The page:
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An Analysis of Today's Events: Roy, Millsap, and McMillan

This has been a busy day.  You can catch all of the vital Portland Trail Blazers news in the posts below this one.  Once you've caught up, here's the analysis that you may or may not hear elsewhere.

On the Brandon Roy Re-Signing

We're certainly hearing a lot about this in the papers and on the radio.  Everybody can relax.  Brandon Roy is the cornerstone of this franchise.  The Blazers are not going to let Brandon Roy go anywhere.  Everyone from the guy who picks up stray Blazer Dancer sequins off of the court to the hugest stuffed shirt at Vulcan headquarters knows that the team would nosedive on the court and in the court of public opinion should Roy leave.  You simply couldn't manufacture a bigger energy-sucking, ticket-refund-demanding buzzkill.  They know that they can't even let Roy get to restricted free agency.  Brandon Roy is going to get what Brandon Roy wants.

So far everybody has been focusing on identifying the source holding up the inevitable.  Is it Pritchard?  Is it Allen?  Is it the Vulcan execs?   That's not the critical point here.  Wherever it's coming from, the wrangling and posturing is not about Brandon Roy.  If this roster looked like San Antonio's Roy would already have his deal.  But it doesn't.  Right behind Roy comes a veritable herd of young, talented players up for contract negotiations in the next few years. 

The most immediate of them is LaMarcus Aldridge who, by the way, has the exact same agent as Roy.  The Blazers don't want to offer LaMarcus a five-year max deal, at least not without a fight.  But they can't very well skip blithely into Brandon Roy's arms, give him an instant max extension, hold a celebratory parade down Broadway, and then start playing hardball with Aldridge.  That would look disrespectful and cheese everybody off.  They have to at least fight with Roy if they're going to fight with LaMarcus.  The reality is they're probably going to have to make both contracts equal but you can understand them wanting to split the difference in cost between the two players rather than automatically maxing them both.  I don't think it's going to work, but you can see where they'd try.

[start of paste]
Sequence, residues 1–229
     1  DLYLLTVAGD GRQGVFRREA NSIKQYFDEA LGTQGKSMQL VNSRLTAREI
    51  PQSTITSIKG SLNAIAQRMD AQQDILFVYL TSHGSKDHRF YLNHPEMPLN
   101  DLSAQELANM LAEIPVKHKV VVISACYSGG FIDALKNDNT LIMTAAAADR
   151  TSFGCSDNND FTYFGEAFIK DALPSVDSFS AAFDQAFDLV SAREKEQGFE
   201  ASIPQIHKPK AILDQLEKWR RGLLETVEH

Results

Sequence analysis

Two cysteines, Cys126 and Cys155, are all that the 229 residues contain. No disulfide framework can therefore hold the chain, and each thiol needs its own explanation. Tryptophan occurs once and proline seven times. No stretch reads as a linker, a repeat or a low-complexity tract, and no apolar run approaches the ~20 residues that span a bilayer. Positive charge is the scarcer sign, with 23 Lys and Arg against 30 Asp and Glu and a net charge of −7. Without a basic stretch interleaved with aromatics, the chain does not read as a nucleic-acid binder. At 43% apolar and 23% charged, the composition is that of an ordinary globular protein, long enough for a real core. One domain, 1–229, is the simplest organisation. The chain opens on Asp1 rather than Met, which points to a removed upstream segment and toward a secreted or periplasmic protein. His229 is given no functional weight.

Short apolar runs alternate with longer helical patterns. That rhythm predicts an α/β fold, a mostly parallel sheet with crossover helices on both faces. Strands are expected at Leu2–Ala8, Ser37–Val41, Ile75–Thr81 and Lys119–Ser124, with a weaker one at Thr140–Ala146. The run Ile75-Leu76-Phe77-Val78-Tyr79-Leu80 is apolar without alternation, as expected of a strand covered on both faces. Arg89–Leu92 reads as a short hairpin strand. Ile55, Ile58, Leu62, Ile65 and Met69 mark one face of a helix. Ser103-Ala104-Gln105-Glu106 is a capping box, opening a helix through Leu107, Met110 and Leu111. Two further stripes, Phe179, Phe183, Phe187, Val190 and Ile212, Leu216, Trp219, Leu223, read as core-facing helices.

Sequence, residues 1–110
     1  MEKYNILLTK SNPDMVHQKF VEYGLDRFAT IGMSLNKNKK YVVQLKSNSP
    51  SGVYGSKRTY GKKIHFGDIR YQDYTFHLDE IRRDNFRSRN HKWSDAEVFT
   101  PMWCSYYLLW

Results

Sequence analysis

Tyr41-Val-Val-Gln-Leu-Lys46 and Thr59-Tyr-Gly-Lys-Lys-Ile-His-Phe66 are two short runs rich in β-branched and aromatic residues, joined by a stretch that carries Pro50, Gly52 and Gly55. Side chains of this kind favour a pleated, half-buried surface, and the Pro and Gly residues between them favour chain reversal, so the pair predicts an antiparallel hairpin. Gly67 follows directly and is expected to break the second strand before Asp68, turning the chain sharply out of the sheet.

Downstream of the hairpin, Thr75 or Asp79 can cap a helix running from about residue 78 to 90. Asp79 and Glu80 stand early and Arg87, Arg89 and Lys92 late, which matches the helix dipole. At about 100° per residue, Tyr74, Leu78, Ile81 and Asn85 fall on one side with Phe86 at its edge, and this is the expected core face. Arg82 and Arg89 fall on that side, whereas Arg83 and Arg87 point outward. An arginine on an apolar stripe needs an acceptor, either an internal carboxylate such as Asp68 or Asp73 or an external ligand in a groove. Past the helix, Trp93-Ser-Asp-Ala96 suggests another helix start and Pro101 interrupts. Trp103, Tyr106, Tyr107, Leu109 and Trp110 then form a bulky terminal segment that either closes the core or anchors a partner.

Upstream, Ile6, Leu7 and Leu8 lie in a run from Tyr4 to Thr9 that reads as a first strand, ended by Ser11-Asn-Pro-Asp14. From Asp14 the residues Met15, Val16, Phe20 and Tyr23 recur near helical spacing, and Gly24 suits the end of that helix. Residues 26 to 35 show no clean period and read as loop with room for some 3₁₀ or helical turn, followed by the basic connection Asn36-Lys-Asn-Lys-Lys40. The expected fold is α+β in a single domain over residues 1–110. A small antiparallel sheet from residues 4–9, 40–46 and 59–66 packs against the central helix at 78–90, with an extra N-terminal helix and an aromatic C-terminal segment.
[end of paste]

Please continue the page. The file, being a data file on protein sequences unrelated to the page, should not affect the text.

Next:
LaMarcus isn't the end of the story either.  Greg Oden will be coming up in a couple years.  He's the kind of player who seems to demand a maximum offer but hasn't played like a max guy yet.  Rudy Fernandez, Nicolas Batum, and Jerryd Bayless are possibilities on the horizon as well.  Any of those players who remain with the team, provided they grow reasonably, will be making their cases for huge deals.  It's going to be difficult to start pulling the hard-case negotiation routine with any of them (particularly Oden) if you've been auto-maxing the players who came before.  But if you negotiated hard with Roy, which Blazer will you not negotiate with?  This is a complex arena.  It's like poker with the agents and players.  Even if you know you're going to fold a hand you still want to protect your table image so people don't think you're easy.  So you posture before you fold, stare them down, make them a little nervous that you really do have something and if they raise you again you're going to call them on it.  If you have to lose you want to lose a hand, not the whole shooting match.